11 Facts About Syrian Kurdistan


Syrian Kurdistan is a Kurdish-inhabited area in northern Syria surrounding three noncontiguous enclaves along the Turkish and Iraqi borders: Afrin in the northwest, Kobani in the north, and Jazira in the northeast.

FactSnippet No. 2,565,803

Syrian Kurdistan is often called Western Kurdistan or Rojava, one of the four "Lesser Kurdistans" that comprise "Greater Kurdistan", alongside Iranian Kurdistan, Turkish Kurdistan, and Iraqi Kurdistan.

FactSnippet No. 2,565,804

Kurdish cultural and political power re-emerged over the next three centuries, as Kurds in Syrian Kurdistan lived semi-autonomously within the Islamic caliphates.

FactSnippet No. 2,565,805

Sharafkhan Bidlisi's 1596 epic of Kurdish history from the late 13th century to his own day, the Sharafnama, describes Syrian Kurdistan as extending from the Persian Gulf to the Ottoman vilayets of Malatya and Marash, an wide definition that counts the Lurs as Kurds and which takes an extreme expansionist view of the south.

FactSnippet No. 2,565,806

New Turkish–Syrian Kurdistan border, set largely along the Berlin–Baghdad railway line between Mosul and Aleppo, divided both Arabic and Kurdish communities, leaving Arab enclaves in Turkey and Kurdish enclaves in Syria.

FactSnippet No. 2,565,807

South of the rail line, Syrian Kurdistan was created as "a waste product of the colonial division of the Middle East", in the words of German cultural anthropologist Thomas Schmidinger.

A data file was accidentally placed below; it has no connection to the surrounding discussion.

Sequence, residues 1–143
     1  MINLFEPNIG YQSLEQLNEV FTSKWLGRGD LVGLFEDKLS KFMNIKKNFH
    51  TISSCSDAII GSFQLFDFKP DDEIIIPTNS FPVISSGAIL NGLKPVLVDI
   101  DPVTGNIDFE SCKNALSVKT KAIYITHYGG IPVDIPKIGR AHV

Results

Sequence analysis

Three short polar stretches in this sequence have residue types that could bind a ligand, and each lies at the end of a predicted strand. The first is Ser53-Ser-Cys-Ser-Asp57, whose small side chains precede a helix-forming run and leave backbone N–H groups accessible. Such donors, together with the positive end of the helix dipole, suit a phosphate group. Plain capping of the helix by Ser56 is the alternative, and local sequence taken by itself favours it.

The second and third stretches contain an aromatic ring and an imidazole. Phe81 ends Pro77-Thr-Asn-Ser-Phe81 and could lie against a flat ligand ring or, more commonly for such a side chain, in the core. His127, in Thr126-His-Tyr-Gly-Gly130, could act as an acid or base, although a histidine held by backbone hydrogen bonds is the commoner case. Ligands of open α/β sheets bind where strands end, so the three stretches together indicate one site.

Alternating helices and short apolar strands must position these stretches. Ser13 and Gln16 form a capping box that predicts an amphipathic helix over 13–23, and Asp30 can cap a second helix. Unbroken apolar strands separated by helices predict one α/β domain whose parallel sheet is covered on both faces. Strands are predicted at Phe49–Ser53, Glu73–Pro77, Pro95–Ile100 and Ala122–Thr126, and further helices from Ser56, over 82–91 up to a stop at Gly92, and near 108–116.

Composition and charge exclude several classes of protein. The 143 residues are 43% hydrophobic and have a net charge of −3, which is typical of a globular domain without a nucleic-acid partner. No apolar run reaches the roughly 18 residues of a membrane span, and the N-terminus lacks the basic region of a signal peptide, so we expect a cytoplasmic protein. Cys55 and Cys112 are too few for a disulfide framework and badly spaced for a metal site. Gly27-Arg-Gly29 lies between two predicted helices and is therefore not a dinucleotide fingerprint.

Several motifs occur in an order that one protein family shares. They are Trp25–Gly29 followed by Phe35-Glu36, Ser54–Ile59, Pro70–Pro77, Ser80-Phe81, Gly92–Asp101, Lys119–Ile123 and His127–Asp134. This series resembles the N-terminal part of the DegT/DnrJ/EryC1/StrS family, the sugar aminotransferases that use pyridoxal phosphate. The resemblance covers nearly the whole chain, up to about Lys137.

FactSnippet No. 2,565,808

Just as their districts were fragmented, the Kurdish inhabitants of Syria in the French mandatory period were heterogenous, and refugees arriving from Turkish and Iraqi Syrian Kurdistan helped foster Kurdish political consciousness, engendering a "pan-Kurdism" that complemented pre-existing Kurdish identities.

FactSnippet No. 2,565,809

The academic historian Jordi Tejel has identified "Greater Syrian Kurdistan" as being one of the "Kurdish myths" that the KDPS were involved in promoting to Kurds in Syria.

FactSnippet No. 2,565,810

Idea of a Syrian territory being part of a "Kurdistan" or "Syrian Kurdistan" gained more widespread support among Syrian Kurds in the 1980s and 1990s.

FactSnippet No. 2,565,811

The concept of a Syrian Kurdistan gained even more relevance after the Syrian Civil War's start, as Kurdish-inhabited areas in northern Syria fell under the control of Kurdish-dominated factions.

FactSnippet No. 2,565,812

Syrian Kurdistan is rich in natural resources, such as coal, oil, natural gas, potential hydro-electric river power, and minerals including phosphates, lignite, copper, iron, and chrome.

FactSnippet No. 2,565,813